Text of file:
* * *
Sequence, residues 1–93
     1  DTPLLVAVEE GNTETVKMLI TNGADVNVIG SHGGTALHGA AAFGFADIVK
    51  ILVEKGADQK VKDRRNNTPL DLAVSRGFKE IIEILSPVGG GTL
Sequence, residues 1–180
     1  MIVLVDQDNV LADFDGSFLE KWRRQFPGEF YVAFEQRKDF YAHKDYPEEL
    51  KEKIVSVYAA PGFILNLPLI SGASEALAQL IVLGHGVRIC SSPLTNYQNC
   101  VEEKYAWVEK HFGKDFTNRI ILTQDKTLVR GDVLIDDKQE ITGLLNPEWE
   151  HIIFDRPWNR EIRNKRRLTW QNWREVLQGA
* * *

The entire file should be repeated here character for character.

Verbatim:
Sequence, residues 1–93
     1  DTPLLVAVEE GNTETVKMLI TNGADVNVIG SHGGTALHGA AAFGFADIVK
    51  ILVEKGADQK VKDRRNNTPL DLAVSRGFKE IIEILSPVGG GTL
Sequence, residues 1–180
     1  MIVLVDQDNV LADFDGSFLE KWRRQFPGEF YVAFEQRKDF YAHKDYPEEL
    51  KEKIVSVYAA PGFILNLPLI SGASEALAQL IVLGHGVRIC SSPLTNYQNC
   101  VEEKYAWVEK HFGKDFTNRI ILTQDKTLVR GDVLIDDKQE ITGLLNPEWE
   151  HIIFDRPWNR EIRNKRRLTW QNWREVLQGA